Well, it won’t be announced with quite the same enthusiasm as the first baby born in Sudbury in 2018, but the police have reported that the first collision with a pedestrian of the year has occurred.
It occurred at some point before 3:48pm on January 4, 2018 on LaSalle Blvd, near Somers Street. Judging by the account from the Sudbury Police twitter, the pedestrian who was struck is female human. But police felt it was really important that you know that one lane of LaSalle Blvd was blocked, but traffic in the other lane is flowing. They mentioned it twice and assured us they would let us know when the roadway was clear. What a relief!
Once they’re done letting us know when the roadway is clear, hopefully they’ll find time to let us know what happened, or if charges would be laid, or if the woman is going to have any long term quality of life impacts as a result of the collision.
No one who has been following this blog for a while will be surprised by the news that LaSalle Blvd was the location of the first collision with a pedestrian in 2018.
Last year 6 of the 19 collisions with pedestrians reported in the media occurred on LaSalle Blvd. In 2016 22% of collisions with pedestrians occurred on LaSalle Blvd, or on property on LaSalle, but we’ve never seen a report from the city that breaks down the nature of these collisions or makes recommendations on how to stop them.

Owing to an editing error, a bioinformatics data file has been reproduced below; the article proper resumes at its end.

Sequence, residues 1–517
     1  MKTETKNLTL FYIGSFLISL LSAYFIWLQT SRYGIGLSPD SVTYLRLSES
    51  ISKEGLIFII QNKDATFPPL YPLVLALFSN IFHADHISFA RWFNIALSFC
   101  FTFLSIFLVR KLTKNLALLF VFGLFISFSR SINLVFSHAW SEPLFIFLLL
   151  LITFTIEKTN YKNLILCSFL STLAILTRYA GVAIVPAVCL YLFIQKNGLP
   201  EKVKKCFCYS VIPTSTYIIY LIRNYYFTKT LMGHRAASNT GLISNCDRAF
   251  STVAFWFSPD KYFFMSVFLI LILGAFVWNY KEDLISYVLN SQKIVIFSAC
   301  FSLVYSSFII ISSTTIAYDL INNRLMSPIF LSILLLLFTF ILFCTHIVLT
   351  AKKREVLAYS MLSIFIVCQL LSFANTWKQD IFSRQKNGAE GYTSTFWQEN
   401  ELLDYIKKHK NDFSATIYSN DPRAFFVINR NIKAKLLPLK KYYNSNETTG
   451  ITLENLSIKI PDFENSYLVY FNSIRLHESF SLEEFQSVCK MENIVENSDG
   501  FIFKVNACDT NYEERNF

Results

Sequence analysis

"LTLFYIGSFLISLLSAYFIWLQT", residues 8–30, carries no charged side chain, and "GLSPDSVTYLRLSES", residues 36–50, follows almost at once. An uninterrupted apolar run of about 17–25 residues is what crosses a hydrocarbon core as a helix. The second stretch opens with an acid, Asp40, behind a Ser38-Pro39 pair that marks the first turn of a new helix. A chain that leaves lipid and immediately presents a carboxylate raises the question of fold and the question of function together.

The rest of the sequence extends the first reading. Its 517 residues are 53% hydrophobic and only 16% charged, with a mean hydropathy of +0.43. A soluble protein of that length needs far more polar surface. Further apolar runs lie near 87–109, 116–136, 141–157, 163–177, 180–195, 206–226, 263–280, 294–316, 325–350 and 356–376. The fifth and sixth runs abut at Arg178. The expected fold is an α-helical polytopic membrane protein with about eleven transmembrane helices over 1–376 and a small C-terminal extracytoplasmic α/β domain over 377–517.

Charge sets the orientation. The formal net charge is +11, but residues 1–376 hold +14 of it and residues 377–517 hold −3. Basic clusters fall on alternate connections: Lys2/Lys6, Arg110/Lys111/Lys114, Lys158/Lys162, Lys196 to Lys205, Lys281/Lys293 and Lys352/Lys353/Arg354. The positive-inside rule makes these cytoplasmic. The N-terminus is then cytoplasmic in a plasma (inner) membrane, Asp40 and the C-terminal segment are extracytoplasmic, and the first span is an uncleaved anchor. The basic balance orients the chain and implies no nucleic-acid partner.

Perhaps this will be part of the big visioning exercise for making LaSalle a more pedestrian-friendly environment, but these incidents don’t seem to be considered very important to the police or decision-makers at city hall.
What can we learn from today’s collision? Not much.
Police said it happened “near” Somers Street, which could mean the pedestrian was crossing LaSalle mid-block, or it could mean she was just outside the crosswalk at Somers Street, but police described it as “near” to indicate that she did not have the right of way. Or maybe it means she was thrown some distance down LaSalle and at the time of this tweet police didn’t know where she started. Who knows. Will we ever find out?They almost never clarify these things.
Last month a transport truck killed a pedestrian somewhere between Balsam St and Big Nickel Mine Road. That’s a stretch of approximately 1.5 km. Police have indicated that the victims name won’t be released as requested by the family, but they haven’t even said if he was in the crosswalk at Balsam when it happened, on the shoulder, in the middle of the road or anything. They haven’t said if their investigation revealed the driver applied the brakes before the collision or if they attempted to avoid the man but were unable to.
In past years the number of charges laid related to collisions with pedestrians has been disconcertingly low, as if the vast majority of collisions occurred without anyone involved making a bad choice at all.
It makes you wonder if police are really doing a thorough investigation into the causes of these collisions. Surely it can’t be possible that 52 people hit pedestrians in 2014 without anyone breaking the rules of the road. The rules are supposed to keep us safe, but this suggests that maybe everyone can follow the rules and still get hurt or killed by a driver. How could that be possible?